Silverman’s workdays typically started with a meeting of luggage attendants to advise them of the arrivals and departures, particularly of large groups. She would also check the VIP arrival list and send those guests a note or, when appropriate, a gift. As business travelers left for appointments, she made travel arrangements and arranged baby-sitting services, dinner and theater reservations. Then she began preparing for the next wave of guests.

In short, a concierge upholds one of humanity’s oldest and noblest traditions, hospitality. The details have changed over millennia, but the essence remains the same:

When a stranger came to the house, he was always entertained with a warm bath for his “poor feet” and with food and wine. He was never (vide Homer’s poems) rudely, or even civilly, questioned as to his name, country, and business, until his bodily wants had been attended to. It was not, indeed, until the cloth was removed, the dessert put upon the table, and the wine-cup passed around, that the questions were put: Who are you? Whence come you? What is your city?

– A Few Reflections on the Rights, Duties, Obligations and Advantages of Hospitality, Cornelius Walford, 1885




Toni Mascolo, an Italian immigrant to the UK, opened a hair salon with his brother in London in the 1960s. Over the next half-century, they created an international chain in 48 countries.

As Mascolo’s Financial Times obituary notes, Toni & Guy’s success was in part due to historic good timing:

During the “swinging Sixties” models and pop stars set new style trends. London became a fashion capital. Women began entering the workplace and they spent some of their earnings on haircuts and beauty treatments. More recently men have begun to take more care of their appearance as well.

But the success was also due to listening. As his Wall Street Journal obituary recounts, “Women began asking if the salon could cut their husbands’ or sons’ locks, so the brothers turned their shop into a pioneering unisex establishment.”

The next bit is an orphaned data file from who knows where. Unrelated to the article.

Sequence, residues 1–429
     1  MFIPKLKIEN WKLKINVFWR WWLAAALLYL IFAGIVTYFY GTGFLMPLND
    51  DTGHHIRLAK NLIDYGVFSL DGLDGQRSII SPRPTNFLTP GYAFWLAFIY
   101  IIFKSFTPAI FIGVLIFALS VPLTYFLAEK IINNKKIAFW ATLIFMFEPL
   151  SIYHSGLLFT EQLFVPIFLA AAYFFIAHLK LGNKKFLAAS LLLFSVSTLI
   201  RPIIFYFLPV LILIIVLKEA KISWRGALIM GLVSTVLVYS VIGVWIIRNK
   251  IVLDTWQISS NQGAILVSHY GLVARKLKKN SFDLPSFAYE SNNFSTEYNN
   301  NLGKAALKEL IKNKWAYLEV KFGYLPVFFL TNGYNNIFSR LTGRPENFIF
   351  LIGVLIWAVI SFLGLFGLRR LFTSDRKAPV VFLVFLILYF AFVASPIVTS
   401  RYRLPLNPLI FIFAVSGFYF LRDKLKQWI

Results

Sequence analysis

Listening wasn’t just good business sense; Mascolo understood it was an obligation – and advantage – of hospitality.

“He had a tremendously strong set of values and passed them on to the staff. He said you had to treat clients as if you are inviting them into your home.”



Henry Saglio

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In the 1920s, supporters of Herbert Hoover claimed he’d bring about such prosperity that America would have a chicken in every pot.

That would have raised the living standard of the average American family, even in the Roaring Twenties. As this article explains, “a chicken dinner was such a rare treat that the few chickens raised for meat were sold directly to high-end restaurants, first-class dining cars, and luxury caterers.”

Chicken is now the most commonly eaten meat in the United States. This transformation is in large part due to the ingenuity of a man Frank Perdue called “the father of the chicken industry.”


Henry Saglio began breeding chickens as a teenager. His initial motivation was the respite it provided from farming in the open sun. Within decades, as his Boston Globe obituary notes, “three out of four birds sold were descended from Mr. Saglio’s breed stock.”

Mr. Saglio, who had only an eighth-grade education, took his expertise to the developing world as well, and, at the age of 87, founded a company dedicated to antibiotic-free breeding.

“I’ve dedicated my life to making chickens affordable to poor people,” Saglio told Associated Press in 1987. “And that’s what I did. Everybody’s eating chicken now.”


Continue reading “Henry Saglio”


The Private

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“He brought four people out. When he went to bring a fifth person out, the fire caught up with him.”

Emmanuel Mensah, a Ghanaian immigrant, was a National Guardsman. Although not on duty two weeks ago, he remained true to his vocation.


The Philosopher

Anne Dufourmantelle was at the beach last summer when she saw two children struggling in the water. She went in to rescue them, dying in the effort. She probably had a sense of the risk involved, as she was a student of the concept:

“We say in French ‘to risk one’s life,’ but perhaps we should say ‘to risk being alive.’ To be truly alive is a risk few take.”


Continue reading “Riskers”

A Christmas Memory


On December 6, 1917, two ships collided near the shore of Halifax, Nova Scotia. One, filled with munitions for the Western Front, caught fire. Most of the city’s inhabitants were unaware of their mortal danger.

Vince Coleman, a train dispatcher, saw that calamity was imminent, and delayed his own evacuation so that he could warn inbound trains to halt. He and two thousand others perished in one of history’s largest explosions.



The city of Boston responded quickly. Abraham Ratshesky, a banker, public servant, and philanthropist, led the way:

Ratshesky mobilized that first “relief special,” getting the workers out of Boston on the night of December 6. The group was so determined to reach Halifax that its members climbed out of the train in the snowstorm to help shovel the tracks.

In gratitude for Boston’s help, every year the province of Nova Scotia sends the Hub its official Christmas tree.